DOVER – Cash-strapped librarians are giving a second look at those old, dusty paintings on the walls, hoping to strike it rich. Hey, it could happen. Just like it did in Dover, where the library walked away with a cool $4.1 million by agreeing to sell an 1863 painting, titled “Indians Attacking a Wagon Train.” The Daily Record reports the painting hung in the reading room for more than 60 years, with most, if not all, patrons having no idea it was worth a mint. The painting, which was donated to the library in 1943, was sold off, with the cash windfall to be used to buy more books and make critical repairs.
IN OTHER IMPORTANT NEWS
PENSACOLA, FL. – The latest “Florida man…” headline comes from the western panhandle, where a local man created his very own “boat car.” The bottom half of this curious vehicle is Ford Expedition SUV; the top half was created with a decommissioned boat. WEAR-TV reports that it took the man three full days to create his boat car, and then drove it out of his front yard. Apparently, the boat car is street legal, at least in Florida, with this vehicle having working headlights, tail lights, turn signals and horns. There’s no cover on the boat, which is why the Florida man keeps a scuba mask and snorkel to keep driving through a rain storm.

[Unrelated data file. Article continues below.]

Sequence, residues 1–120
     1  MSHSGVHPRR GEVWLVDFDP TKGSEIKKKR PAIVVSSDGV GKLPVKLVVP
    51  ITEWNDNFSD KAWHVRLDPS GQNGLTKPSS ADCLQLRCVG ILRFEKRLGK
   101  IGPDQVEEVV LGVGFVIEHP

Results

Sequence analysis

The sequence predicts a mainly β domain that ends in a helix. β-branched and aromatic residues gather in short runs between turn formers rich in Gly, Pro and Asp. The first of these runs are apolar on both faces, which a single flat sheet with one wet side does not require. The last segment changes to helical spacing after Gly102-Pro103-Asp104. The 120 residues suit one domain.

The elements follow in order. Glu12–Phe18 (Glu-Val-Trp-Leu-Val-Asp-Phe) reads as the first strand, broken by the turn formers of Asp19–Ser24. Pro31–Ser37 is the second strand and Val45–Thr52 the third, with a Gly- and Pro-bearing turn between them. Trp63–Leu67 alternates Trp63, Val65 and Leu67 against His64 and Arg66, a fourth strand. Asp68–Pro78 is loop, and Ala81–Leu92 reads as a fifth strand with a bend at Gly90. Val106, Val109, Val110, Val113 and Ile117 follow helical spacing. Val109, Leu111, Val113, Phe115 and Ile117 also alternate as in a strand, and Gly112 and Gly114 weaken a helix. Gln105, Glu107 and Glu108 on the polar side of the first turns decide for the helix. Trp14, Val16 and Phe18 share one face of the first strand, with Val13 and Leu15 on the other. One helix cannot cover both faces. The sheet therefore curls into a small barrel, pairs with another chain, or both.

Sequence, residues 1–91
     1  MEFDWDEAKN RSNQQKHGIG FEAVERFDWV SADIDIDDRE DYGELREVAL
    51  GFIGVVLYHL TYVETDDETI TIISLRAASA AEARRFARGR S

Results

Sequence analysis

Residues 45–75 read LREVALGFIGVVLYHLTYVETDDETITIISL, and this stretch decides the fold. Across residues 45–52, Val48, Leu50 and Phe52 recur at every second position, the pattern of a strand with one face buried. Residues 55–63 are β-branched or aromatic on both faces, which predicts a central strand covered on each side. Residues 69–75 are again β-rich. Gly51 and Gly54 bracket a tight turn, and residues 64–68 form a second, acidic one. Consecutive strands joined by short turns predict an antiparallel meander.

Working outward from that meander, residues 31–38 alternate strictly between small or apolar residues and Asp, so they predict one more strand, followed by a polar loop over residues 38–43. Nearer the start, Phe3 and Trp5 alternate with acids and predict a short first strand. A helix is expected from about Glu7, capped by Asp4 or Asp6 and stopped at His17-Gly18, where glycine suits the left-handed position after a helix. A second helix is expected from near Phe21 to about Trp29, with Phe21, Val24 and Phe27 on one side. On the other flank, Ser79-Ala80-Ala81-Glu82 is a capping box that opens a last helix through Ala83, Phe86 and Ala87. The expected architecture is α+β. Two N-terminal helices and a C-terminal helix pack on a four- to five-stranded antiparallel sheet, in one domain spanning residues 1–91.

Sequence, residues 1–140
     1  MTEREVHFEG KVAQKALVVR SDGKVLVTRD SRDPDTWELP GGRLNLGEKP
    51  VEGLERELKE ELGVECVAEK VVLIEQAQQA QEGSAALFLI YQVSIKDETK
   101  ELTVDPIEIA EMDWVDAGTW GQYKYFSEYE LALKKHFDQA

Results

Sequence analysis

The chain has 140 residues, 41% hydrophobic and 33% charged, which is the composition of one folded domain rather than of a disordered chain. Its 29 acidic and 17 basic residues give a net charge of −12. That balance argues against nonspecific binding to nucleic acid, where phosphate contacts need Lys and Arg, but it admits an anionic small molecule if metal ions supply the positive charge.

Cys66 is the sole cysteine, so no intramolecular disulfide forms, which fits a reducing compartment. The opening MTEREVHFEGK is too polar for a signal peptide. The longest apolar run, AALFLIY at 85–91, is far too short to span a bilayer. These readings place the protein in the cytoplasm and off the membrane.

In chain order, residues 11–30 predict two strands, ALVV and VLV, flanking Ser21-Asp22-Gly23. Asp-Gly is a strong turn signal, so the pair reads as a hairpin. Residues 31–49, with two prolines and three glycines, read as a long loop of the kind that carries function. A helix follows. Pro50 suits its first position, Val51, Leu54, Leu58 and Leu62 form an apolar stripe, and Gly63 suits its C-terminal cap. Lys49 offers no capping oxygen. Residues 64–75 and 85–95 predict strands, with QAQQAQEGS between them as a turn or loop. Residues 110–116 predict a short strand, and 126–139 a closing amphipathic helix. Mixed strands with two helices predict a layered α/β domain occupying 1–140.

THIS DAY IN HISTORY
It was this day in 2016 the Guggenheim Museum offered visitors the chance to sit on a golden throne — cast in 18k gold. An Italian artist replaced a toilet in the Guggenheim’s fourth-floor restroom with his fully-functional replica, inviting visitors to give it a whirl. Museum curators said the solid gold toilet, worth $1.8 million, “evokes the American dream of opportunity for all.” And, what are the odds? That very same toilet just got stolen Saturday from Winston Churchill’s birthplace, west of London, two days after it was hooked up to bathroom plumbing there.
WORD OF THE DAY
Pari–mutuel – [pa-rə-MYOO-chwəl] – noun
Definition: A betting system, typically used for sporting events of short duration with ranked outcomes, in which the total amount bet is divided among winners in proportion to their initial wagers, minus a percentage for the bookie.
Example: With all the drunken debauchery, no one is sure if they’ll remember to pick up their winnings from the pari-mutuel bets.
WIT OF THE DAY
“As you start your journey, the first thing you should do is throw away that store-bought map and begin to draw your own.”
- Michael Dell
WEATHER IN A WORD
THE NEW 60
A Jaffe Briefing Exclusive
by Andy Landorf & John Colquhoun